SADC faces shortage of tertiary institutions

Tuesday, June 5, 2012
Gabi Khumalo

Johannesburg - Despite the number of new public and private institutions that have been built over the last two decades in Southern African Development Community (SADC) countries, the region still faces a shortage of higher learning institutions.

Addressing the extraordinary SADC Meeting of Ministers of Higher Education on Tuesday, Deputy Minister of Higher Education and Training, Professor Hlengiwe Mkhize, said the higher education system in the region was not growing sufficiently in either size or capacity in order to meet the demand of a growing population of youth.

"We do not have enough academic personnel and the majority of those in our systems do not possess enough training either in teaching or in research or both. In South Africa, only 33% of our academics have PhD qualifications and depend only on them to produce research outputs and supervise Masters and Doctoral students," Mkhize said, adding that this resulted in countries struggling to produce a new generation of academics.

The meeting aims to create a platform for all Ministers of Higher Education and Training in the region to reflect and share experiences on how they could speed up the revitalisation of higher education.

Higher Education and Training Minister Blade Nzimande proposed the meeting at the ordinary meeting of SADC Ministers of Education that was hosted by Namibia in 2011.

Some of the challenges facing the region include failure to develop indigenous languages to make them languages of scholarship and research; and not being able to improve the facilities to the extent that is necessary in order to produce the right quantity and quality of graduates with the requisite skills needed by the countries in the region.

Mkhize said that in order to address these challenges, funding was needed -- the question remained where the money would come from.

She warned that in discussing funding, they should not be blind to the fact that they did not stretch the current pool of resources far enough in order to do more.

"Such a consideration should apply both to our individual countries and most importantly, in this meeting, to our region as a unit."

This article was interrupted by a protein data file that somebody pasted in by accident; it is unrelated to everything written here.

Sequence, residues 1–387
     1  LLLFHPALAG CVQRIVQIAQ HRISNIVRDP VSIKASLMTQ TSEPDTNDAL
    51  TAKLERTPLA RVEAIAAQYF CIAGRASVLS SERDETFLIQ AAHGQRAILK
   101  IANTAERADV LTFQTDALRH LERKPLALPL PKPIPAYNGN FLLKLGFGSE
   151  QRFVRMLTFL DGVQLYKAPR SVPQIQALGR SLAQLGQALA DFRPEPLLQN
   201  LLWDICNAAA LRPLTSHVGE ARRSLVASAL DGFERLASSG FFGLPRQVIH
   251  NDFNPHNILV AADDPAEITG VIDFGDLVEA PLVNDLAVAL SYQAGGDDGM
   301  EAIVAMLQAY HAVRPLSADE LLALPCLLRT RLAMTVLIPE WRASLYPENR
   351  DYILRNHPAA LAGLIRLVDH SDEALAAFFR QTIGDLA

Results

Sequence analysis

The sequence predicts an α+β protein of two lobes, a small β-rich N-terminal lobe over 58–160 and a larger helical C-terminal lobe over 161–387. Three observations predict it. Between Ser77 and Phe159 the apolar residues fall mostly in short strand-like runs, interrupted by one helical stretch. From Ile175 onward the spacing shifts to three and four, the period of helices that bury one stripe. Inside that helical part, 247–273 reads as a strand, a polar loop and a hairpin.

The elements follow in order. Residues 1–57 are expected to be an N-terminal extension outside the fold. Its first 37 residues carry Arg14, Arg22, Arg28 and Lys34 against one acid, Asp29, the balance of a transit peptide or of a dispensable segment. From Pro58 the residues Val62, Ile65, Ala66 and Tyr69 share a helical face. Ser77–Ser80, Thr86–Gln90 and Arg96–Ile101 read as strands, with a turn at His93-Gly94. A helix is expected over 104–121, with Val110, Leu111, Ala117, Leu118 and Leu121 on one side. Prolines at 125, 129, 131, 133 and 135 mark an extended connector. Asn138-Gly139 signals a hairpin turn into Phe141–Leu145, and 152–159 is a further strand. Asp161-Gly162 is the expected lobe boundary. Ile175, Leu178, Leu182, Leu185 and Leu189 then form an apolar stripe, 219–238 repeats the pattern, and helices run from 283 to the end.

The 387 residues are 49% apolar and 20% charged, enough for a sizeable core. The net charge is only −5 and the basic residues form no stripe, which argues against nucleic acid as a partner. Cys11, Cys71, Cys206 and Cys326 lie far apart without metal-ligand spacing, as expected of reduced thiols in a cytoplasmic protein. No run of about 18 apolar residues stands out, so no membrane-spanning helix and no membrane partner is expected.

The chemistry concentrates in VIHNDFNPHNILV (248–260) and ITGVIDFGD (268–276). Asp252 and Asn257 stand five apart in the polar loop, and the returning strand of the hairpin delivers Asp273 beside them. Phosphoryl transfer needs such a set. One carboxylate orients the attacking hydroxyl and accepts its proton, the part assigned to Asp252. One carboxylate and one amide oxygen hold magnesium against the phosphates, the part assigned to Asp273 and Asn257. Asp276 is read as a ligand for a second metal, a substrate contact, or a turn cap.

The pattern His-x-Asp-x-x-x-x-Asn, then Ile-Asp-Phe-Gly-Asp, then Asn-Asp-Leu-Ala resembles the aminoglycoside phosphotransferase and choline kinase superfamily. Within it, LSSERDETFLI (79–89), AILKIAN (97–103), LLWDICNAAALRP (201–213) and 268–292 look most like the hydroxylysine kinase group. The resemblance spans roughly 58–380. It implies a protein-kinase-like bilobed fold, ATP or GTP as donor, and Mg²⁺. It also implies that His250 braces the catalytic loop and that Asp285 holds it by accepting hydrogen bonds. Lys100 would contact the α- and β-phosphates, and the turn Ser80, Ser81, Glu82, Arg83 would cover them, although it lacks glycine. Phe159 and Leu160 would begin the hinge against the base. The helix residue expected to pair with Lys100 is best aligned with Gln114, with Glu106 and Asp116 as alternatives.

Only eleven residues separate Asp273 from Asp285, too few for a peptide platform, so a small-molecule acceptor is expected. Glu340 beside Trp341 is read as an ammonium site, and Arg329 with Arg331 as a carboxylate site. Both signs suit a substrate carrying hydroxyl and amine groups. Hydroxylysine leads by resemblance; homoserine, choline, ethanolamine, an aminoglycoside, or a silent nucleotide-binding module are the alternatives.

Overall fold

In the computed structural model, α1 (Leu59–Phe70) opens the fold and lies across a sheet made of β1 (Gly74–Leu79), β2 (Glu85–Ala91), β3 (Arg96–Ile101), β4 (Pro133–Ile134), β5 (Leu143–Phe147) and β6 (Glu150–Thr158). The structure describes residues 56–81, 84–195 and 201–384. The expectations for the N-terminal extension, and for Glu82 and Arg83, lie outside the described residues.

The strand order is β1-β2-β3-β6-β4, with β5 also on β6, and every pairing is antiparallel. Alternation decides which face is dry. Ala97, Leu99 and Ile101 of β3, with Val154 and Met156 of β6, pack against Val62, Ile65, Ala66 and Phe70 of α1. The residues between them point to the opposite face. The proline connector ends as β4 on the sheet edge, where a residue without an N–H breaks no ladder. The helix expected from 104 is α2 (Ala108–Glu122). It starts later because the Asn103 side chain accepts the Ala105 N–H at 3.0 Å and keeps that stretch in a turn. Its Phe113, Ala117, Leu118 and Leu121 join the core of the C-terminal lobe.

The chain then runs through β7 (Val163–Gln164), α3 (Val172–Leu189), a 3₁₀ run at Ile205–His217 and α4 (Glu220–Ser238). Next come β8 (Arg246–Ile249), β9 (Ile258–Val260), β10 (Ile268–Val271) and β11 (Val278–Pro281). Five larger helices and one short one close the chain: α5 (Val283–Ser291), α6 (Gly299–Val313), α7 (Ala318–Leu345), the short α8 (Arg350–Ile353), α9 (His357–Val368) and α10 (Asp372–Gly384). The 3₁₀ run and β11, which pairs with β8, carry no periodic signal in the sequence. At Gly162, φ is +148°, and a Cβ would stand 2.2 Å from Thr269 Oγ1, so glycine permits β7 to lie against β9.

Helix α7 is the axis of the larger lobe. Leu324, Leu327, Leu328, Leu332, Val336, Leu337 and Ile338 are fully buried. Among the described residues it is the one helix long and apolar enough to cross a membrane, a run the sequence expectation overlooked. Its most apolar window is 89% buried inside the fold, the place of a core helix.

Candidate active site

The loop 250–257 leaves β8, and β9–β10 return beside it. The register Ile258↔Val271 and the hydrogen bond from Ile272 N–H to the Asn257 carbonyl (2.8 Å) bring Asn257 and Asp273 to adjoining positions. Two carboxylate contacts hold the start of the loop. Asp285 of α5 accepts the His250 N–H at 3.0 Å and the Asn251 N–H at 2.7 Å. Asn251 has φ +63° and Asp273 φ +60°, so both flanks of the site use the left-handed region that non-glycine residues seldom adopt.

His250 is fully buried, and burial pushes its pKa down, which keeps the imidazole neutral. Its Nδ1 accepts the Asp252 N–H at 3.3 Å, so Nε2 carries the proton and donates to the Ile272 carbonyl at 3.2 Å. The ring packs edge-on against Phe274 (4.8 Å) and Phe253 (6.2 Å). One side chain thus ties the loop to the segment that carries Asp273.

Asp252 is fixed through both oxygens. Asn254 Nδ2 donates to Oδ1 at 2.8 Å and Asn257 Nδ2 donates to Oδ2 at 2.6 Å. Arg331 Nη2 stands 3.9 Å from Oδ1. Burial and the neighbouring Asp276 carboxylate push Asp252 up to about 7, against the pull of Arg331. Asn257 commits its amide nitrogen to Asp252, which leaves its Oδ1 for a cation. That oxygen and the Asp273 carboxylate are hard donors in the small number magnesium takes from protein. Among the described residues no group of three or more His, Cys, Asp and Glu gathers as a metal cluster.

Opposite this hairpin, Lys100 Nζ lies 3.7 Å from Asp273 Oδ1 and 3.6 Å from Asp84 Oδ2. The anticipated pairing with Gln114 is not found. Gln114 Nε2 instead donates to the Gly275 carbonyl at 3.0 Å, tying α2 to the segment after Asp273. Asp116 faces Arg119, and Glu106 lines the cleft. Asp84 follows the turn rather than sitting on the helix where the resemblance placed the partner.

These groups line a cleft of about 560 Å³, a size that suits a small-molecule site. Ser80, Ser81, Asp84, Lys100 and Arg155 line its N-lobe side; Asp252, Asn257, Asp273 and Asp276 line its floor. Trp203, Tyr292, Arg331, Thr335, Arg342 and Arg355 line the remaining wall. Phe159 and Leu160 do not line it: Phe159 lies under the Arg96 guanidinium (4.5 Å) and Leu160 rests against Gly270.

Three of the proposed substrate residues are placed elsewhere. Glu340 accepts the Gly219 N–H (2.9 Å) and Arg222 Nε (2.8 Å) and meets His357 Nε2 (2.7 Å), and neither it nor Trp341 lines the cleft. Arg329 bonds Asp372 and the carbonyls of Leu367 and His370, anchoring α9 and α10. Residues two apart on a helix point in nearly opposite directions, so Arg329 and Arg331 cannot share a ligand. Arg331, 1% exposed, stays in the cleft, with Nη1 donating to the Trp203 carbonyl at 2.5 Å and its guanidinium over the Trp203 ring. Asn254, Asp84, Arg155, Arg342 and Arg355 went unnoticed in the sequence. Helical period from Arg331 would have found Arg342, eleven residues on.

South Africa's investment in foreign students in 2010 amounted to over R1.04 billion on students from the SADC region, and R735 761 000 for non-SADC students.

Vice Minister of Education of the Republic of Mozambique, who is the chairperson of the SADC Ministers of Education and Training, Professor Arlindo Chilundo, said that promoting knowledge development and dissemination, in particular higher education, was the cornerstone for attaining the regional integration and development agenda of SADC and eradicating poverty amongst the citizens of the region.

Echoing Mkhize's sentiments, Chilunda said that SADC had a serious challenge with regards to higher education, in particular in the areas of access and participation by the population, where the region's participation rate of 6.5% was below the global average of 30%.

"As a region, we must transform our approach to higher education in a revolutionary manner, and I am confident that this meeting will set the tone for the required revolutionary transformation of the landscape of our higher education."

Chilunda added that new strategies for funding higher education and its infrastructure should be extensively explored to transform and expand higher education in the region. This would include putting in place the relevant policies and mechanism to attract and promote the participation of the private sector and donors, and tapping into the growing use of information and communication technologies.